Androids have access to a variety of apps capable of running full health diagnostics for every system in the phone, including the battery.

- It isn’t necessary after all the steps you took, but you can protect your personal information even further by filling your smartphone with dummy data. Copy some larger files to the memory and encrypt it once again. This way, any leftover data on the phone becomes absolutely inaccessible. …Except if you use USB debugging, but it also can be blocked. 

You can get to the USB debugging through the Settings menu while the phone is connected to a PC or laptop. But if it’s someone else, they can also collect your data using this option! So, you might want to leave one app on your phone, and make it an app blocker.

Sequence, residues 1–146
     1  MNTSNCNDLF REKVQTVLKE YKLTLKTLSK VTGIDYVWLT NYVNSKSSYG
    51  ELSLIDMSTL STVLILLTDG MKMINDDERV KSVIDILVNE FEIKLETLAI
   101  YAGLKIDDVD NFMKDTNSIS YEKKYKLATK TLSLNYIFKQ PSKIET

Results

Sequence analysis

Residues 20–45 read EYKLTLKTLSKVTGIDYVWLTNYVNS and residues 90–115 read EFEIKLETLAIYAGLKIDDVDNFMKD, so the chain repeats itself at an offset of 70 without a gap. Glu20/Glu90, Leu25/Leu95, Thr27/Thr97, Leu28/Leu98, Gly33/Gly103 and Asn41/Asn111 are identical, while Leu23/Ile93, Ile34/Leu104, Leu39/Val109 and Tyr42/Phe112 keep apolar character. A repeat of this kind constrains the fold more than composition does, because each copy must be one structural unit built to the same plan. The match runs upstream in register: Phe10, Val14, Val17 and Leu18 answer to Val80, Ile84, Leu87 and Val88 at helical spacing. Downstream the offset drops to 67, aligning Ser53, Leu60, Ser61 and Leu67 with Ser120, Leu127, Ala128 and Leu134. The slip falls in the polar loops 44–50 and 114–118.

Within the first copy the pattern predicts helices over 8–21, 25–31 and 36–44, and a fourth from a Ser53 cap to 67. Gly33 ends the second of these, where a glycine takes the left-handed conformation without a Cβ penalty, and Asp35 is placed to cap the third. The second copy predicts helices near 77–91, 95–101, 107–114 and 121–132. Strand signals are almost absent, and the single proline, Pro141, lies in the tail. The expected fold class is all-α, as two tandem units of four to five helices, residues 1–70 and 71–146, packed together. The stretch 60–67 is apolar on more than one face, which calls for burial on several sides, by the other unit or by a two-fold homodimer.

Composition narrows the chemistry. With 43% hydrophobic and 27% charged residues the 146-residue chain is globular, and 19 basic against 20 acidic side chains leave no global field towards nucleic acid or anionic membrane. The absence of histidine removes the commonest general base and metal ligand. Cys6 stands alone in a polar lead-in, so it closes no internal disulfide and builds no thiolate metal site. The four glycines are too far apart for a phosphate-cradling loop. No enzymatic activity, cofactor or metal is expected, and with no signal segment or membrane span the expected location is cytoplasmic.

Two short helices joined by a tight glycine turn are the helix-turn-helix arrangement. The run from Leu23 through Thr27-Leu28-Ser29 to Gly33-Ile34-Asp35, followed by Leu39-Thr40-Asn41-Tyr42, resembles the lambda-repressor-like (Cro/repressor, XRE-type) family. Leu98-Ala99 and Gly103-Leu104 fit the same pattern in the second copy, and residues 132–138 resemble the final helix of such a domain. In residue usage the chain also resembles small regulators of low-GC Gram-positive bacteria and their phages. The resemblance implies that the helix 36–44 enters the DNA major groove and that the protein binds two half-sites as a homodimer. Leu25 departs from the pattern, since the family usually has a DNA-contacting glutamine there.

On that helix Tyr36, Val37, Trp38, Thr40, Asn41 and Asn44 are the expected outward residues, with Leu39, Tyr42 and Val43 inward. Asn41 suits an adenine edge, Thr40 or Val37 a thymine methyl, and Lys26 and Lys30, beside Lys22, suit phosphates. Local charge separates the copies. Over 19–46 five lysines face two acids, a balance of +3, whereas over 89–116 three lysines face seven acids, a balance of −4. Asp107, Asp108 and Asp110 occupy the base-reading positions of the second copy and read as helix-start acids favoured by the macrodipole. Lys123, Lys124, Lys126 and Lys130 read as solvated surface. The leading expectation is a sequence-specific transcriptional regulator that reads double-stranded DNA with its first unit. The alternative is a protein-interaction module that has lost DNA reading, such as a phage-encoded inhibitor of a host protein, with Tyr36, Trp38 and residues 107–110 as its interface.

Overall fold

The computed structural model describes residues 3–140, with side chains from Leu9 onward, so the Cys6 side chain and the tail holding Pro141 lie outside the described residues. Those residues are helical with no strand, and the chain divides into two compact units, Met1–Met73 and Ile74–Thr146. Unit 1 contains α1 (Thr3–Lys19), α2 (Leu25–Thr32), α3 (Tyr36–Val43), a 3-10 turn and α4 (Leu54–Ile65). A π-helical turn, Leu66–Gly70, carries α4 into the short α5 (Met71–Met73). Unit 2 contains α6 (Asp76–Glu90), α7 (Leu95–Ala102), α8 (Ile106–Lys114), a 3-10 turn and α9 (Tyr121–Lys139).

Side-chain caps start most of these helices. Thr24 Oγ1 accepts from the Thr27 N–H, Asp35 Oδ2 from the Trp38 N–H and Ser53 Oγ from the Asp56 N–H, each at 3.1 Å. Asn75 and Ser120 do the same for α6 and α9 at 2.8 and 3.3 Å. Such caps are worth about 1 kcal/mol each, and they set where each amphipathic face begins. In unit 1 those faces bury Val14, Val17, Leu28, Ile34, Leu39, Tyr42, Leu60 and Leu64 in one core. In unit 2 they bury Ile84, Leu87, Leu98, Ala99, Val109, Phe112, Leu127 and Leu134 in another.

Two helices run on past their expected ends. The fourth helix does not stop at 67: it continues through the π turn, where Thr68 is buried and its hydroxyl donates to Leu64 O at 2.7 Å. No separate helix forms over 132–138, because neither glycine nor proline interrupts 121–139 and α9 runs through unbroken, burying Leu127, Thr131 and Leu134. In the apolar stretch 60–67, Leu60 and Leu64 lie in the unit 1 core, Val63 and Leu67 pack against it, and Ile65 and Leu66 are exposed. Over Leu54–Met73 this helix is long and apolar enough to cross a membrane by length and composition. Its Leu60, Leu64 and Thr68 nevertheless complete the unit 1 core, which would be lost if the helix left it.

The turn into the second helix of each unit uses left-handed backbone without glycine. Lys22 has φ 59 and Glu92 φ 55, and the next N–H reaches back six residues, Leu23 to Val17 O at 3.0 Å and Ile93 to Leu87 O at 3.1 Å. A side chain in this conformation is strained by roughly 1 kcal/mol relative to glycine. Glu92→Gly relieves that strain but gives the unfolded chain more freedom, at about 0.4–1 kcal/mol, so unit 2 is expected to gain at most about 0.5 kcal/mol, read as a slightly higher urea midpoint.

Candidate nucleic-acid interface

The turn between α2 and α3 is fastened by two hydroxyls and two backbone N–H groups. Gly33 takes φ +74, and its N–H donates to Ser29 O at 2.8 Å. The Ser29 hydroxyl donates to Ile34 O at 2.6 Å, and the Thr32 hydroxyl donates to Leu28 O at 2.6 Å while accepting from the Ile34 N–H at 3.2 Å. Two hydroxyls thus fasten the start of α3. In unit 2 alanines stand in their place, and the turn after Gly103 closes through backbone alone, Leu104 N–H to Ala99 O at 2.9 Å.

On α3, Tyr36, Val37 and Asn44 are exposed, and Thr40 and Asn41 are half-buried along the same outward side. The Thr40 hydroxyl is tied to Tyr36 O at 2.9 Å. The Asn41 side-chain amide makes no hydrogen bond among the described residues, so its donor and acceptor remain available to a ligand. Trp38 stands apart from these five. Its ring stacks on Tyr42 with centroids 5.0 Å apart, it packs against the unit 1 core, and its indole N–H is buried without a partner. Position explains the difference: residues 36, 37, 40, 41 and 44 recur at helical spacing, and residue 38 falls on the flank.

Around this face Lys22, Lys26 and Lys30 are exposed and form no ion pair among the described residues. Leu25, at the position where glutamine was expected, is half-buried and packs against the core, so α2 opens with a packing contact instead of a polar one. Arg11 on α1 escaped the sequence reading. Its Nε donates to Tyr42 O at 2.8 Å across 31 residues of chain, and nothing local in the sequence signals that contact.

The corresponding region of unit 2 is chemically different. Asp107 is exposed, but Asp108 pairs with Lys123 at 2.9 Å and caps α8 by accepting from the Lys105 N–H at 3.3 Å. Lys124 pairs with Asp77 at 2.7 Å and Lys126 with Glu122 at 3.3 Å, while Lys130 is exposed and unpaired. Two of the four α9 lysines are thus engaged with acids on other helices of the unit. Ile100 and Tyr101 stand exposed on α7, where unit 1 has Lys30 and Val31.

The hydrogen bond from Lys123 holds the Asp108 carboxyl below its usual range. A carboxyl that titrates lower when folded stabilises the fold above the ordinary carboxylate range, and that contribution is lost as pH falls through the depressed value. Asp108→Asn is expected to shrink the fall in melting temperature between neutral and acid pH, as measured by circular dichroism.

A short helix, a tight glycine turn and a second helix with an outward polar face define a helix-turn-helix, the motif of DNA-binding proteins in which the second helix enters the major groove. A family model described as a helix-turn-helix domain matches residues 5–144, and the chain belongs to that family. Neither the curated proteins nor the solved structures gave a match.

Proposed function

It can restrict access even to the Settings menu. Just set up a password and leave it only to the buyer. Well, as long as you trust that they won’t try to access that personal data!

- If, for some reason, you weren’t able to follow these steps before selling your smartphone, then try to recall if anti-theft apps were still on it when you did that. Remember, you can use them to remotely delete all your leftover data. But you should probably contact the new owner before that if you can and ask them if it’s alright. It’s always better to agree on everything in this kind of deal.